Well, that’s sort of the best case, meaning if you put it into the bank at zero or one percent and we start to get 3, 4, 5 percent inflation, the value of that money is going to be cut in half. But what if he says, okay, I’ll protect myself and go into the stock market and now suddenly the stock market drops 20 percent because we have another bubble, you know, he could lose $400,000 in a matter of weeks and then, still suffer inflation if he gets out and gets into cash. So this is just crazy. We’re not really giving savers or investors any good options and the reason is the one you mentioned, which is that the Fed is trying to drive the economy off of consumption.

They’re saying, hey, you know, forget about savings, go spend the money because here comes inflation. But that’s not the only way to drive an economy. You could drive an economy with investment. In fact, investment is a much better way to drive an economy because investment is kind of a two-fer; you get GDP when you make the investment and then you get more GDP down the road because you improve productivity as a result of the investment. 

Consumption is a one time thing; if I go buy something, I consume it and that’s it, but investment pays off year after year after year. And that’s the really the best way to drive an economy and that’s what Germany does and that’s why Germany has been able to power through this financial crisis. And it’s also one of the reasons that the euro continues to be strong despite all the prognostications and the wailing and the complaining. The fact is the euro has done extremely well because they’re more investment oriented than we are. 

And so I’d like to see a world where the Fed raises interest rates, not to punish borrowers, but to reward savers and encourage people to save, making the United States a magnet for investment from around the world. Let’s get some GDP by foreigners putting money in this country to, you know, build infrastructure, whether it’s pipelines or other kinds of innovate technologies, manufacturing, et cetera; make the US a destination for investment. Drive the economy off of investments instead of consumption and grow it the right way through innovation, technology, savings, investment, improve productivity rather than lend and spend. [12:12]

JIM: Jim, do you think what is really needed here is as you just mentioned, is not only raising interest rates to reward savers because savings provide the capital for investment, but what about tax laws. Take a look at tax laws today; if I go out and borrow money and go into debt as a corporation I get to write off the interest; if I’m a consumer and I go out and get a big mortgage on my house, I can write off that debt, but if I am a corporation and I pay a dividend, first of all, I’m going to get taxed on that dividend or the profits I make, then I distribute that dividend to my shareholders, they’re going to get taxed on it. Shouldn’t we have a combination maybe of tax laws that favor investment; reward people for saving, number one, and investing, number two. But what we're talking about doing next year is basically a tax on investors in the form of an additional tax on interest and dividends, raising the capital gains. So it’s almost like: why invest if you want to tax me more for doing so? [13:20]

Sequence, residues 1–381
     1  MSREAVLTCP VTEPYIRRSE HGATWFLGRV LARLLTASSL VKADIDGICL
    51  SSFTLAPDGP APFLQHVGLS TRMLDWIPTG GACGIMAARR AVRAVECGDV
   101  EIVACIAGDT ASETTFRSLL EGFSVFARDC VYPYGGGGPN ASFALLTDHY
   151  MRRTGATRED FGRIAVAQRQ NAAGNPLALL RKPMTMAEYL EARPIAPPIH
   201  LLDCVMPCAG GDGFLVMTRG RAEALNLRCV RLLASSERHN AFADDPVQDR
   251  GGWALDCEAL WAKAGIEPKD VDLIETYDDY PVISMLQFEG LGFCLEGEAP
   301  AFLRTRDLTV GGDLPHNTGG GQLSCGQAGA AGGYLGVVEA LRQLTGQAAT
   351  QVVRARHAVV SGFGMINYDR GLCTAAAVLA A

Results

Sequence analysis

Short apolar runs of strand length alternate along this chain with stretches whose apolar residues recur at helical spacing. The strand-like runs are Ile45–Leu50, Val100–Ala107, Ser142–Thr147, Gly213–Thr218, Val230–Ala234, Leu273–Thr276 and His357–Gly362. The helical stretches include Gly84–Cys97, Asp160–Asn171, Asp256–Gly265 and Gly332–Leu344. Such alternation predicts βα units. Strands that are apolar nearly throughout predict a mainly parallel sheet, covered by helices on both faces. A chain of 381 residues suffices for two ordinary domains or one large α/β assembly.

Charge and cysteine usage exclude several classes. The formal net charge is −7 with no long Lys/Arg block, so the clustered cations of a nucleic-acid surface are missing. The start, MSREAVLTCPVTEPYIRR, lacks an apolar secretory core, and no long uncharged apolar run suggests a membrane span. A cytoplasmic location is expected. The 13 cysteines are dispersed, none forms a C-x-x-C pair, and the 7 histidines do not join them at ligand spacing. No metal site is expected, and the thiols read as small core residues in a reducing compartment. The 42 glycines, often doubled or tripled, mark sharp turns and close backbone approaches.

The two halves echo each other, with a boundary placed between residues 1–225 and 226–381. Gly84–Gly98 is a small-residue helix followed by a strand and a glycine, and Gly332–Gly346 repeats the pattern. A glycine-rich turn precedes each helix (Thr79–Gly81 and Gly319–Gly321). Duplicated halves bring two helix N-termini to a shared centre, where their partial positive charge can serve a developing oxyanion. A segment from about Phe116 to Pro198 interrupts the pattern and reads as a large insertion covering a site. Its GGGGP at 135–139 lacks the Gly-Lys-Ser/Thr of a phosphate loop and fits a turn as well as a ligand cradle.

JIM RICKARDS: Well, you make some very good points and those are good examples, but that’s just the tip of the iceberg. The US has an extremely hostile business environment and extremely out of control, anti-business, anti-savings-and-investment tax code. So I would go much further. I would eliminate corporate income tax; there are very straightforward ways of doing that. Basically, treat every stock holder in a corporation no different than a partner in a partnership. Partnerships and LLCs don’t pay taxes; they are conduits. Whatever money they make just shows up on your individual tax return, so it’s not that it escapes taxation, it just is taxed at the individual level rather than the entity level. 

Well, why not treat corporations the same way. Repeal the corporate income tax completely — and that would obviously be very favorable to investment — and then say to an individual, hey, if you’re a stock holder on a certain date, you’re going to report your share of the income on your personal tax return. And then of course the corporations would be motivated to make distributions to help people pay that or you could put it on some kind of deferral basis, but there are ways of doing that. The computing power that we have today makes that much more feasible than it would have been in the past. So it eliminates corporate income tax. Every economist agrees that corporations don’t pay corporate income tax; they are just tax collectors for somebody else. 

It is true that corporations file tax returns and hand over checks to the government, but it’s coming out of somebody’s pocket; it’s coming out of either the stock holder, the customer, you know, investor — it’s coming from somewhere in the form of pricing. So it’s just an inefficient tax collection mechanism. It should be eliminated. 

I would also eliminate the capital gains tax. I mean how do you get a capital gain? Well, you have to go buy something and then it has to go up and then you sell it and there’s your capital gain. Well, you’re buying it with after-tax dollars. You have to make money first, pay taxes on it and then take what’s left over, make your investment and if you have a gain, you get taxed again. So it’s another form of double taxation; I would eliminate that. So I’d eliminate the corporate income tax, eliminate capital gains taxes, get rid of a lot of regulation; I’d actually have more regulation on banks and less regulation on other non-bank businesses that are actually producing real things. And the result would be a more favorable business climate